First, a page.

Living in the Moment

I recently fin­ished read­ing the book How to Sur­vive in a Sci­ence Fic­tional Universe. This is an inter­est­ing book, both in its unusual style but also in its strange plot­ting and sub­ject mat­ter. The book is a lot eas­ier to read if you don’t try too hard to under­stand what is going on and how things work in the world that the author cre­ates.

The book takes place in world which is lit­er­ally fic­tion, even from the view­point of the char­ac­ters. Sci­ence in this world is based on sto­ry-­lines and expressed in terms of human emo­tions. This is inter­est­ing but is not deeply impor­tant to the sto­ry. It would seem to be more a styl­is­tic choice on the part of the author, except for that moment in the story where the pro­tag­o­nist describes how the con­cept of time travel (which is an inte­gral part of the sto­ry,) works in a sci­ence fic­tional universe.

You see, time travel in a sci­ence fic­tional uni­verse is a prod­uct of our own minds. We can travel to our pasts and relive them over and over again, or we can travel to one of our many pos­si­ble futures and see what life could be like for us in the future. Whilst time travel is meant for peo­ple to have adven­tures, it seems that peo­ple invari­ably use it to revisit their worst mis­takes, their great­est tragedies and to relive the worst days of their lives. They would like to change these things but that is impossible; time travel does­n’t work that way. They can merely relive these moments painfully again and again, or pos­si­bly skip to another uni­verse where they never hap­pened, aban­don­ing every­one and every­thing they’ve ever known.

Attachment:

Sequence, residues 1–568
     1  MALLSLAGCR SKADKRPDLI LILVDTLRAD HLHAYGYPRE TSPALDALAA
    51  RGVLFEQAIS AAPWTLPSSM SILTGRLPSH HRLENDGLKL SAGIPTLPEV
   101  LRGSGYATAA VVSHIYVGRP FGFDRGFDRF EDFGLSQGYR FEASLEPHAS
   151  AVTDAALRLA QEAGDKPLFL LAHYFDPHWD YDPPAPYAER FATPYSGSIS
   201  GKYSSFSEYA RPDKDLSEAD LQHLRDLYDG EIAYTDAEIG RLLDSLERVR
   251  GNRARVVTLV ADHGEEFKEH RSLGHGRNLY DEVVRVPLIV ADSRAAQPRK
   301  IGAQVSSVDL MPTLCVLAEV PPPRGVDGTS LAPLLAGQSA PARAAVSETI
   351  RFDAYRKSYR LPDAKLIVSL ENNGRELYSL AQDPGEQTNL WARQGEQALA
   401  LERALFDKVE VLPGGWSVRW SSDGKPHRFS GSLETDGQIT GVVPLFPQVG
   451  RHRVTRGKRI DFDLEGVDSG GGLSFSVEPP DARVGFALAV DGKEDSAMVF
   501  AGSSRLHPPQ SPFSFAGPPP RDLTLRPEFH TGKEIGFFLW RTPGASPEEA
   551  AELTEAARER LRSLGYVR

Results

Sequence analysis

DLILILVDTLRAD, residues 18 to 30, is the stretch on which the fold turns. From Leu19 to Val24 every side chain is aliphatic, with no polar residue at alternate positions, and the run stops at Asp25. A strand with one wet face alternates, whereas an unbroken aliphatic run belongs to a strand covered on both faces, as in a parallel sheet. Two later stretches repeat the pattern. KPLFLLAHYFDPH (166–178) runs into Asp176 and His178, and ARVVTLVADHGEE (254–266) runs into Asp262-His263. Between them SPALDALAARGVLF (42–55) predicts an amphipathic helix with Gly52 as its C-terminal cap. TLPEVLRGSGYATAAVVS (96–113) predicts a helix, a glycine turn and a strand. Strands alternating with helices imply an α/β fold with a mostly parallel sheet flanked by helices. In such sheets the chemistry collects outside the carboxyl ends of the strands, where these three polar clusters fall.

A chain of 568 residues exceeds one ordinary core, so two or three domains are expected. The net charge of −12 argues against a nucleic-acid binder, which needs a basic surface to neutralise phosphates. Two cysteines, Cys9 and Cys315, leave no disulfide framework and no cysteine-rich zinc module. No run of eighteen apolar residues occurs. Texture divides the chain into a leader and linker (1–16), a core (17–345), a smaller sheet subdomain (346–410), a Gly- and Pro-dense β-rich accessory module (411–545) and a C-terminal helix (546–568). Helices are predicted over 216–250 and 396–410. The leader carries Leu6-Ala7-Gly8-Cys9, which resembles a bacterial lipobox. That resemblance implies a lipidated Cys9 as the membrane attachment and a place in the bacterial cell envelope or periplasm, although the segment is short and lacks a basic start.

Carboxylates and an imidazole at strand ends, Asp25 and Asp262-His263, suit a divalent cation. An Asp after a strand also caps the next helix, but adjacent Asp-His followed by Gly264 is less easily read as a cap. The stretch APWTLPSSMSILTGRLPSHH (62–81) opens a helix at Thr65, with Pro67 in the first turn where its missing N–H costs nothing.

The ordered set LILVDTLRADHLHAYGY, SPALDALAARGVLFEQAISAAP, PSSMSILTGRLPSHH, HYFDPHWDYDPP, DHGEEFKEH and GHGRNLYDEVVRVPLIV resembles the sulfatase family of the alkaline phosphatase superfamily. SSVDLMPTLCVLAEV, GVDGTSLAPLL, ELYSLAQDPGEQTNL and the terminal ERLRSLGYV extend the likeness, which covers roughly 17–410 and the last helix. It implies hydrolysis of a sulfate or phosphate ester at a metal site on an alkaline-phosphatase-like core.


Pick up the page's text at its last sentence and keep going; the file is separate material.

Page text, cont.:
If you’re gath­er­ing that this book is less an exam­ple of spec­u­la­tive fic­tion and more an metaphor­i­cal moral­ity tale, then you’re right, it is. The moral appears to be one about liv­ing in the moment and accept­ing what one can­not change as opposed to dwelling on the past or what might have been. It makes this point repeat­ed­ly, some­times wit­tily and some­times heart-wrench­ing­ly, and always poignant­ly. I’d rec­om­mend the book if it weren’t for the fact that I could not fol­low the logic of the plot or how the time travel machine worked at all. (To be fair, the author had a rea­son to devi­ate from the rules time travel usu­ally fol­lows in books which fea­ture it, but it was never clear to me how his rules were sup­posed to work. I’m not even sure if the book even meant to estab­lish any rules at all, which suited the theme of the book, but made the plot seem totally ran­dom.)

This book struck me, because I believe I have a greater prob­lem than most when it comes to liv­ing in the moment. The moment is so often is bor­ing or tedious and some­time I feel that my best years are behind me (which is a sad thought see­ing how young I am :)) That leads to dwelling, on mis­takes and pos­si­bil­i­ties, but dwelling make it hard to move on. It’s some­thing I real­ized long ago but find dif­fi­cult to live: that liv­ing and work­ing in the moment allows one to build one’s future. If you spend your time fret­ting about missed oppor­tu­ni­ties, you are guar­an­teed to miss future oppor­tu­ni­ties as well. Life isn’t over till you’re dead and there is still quite a bit to enjoy yet.

(I think that this is a lit­tle dif­fer­ent from the actual mes­sage of the book, but it’s not the bible, so sue me.)

    Last update: 11/8/2011

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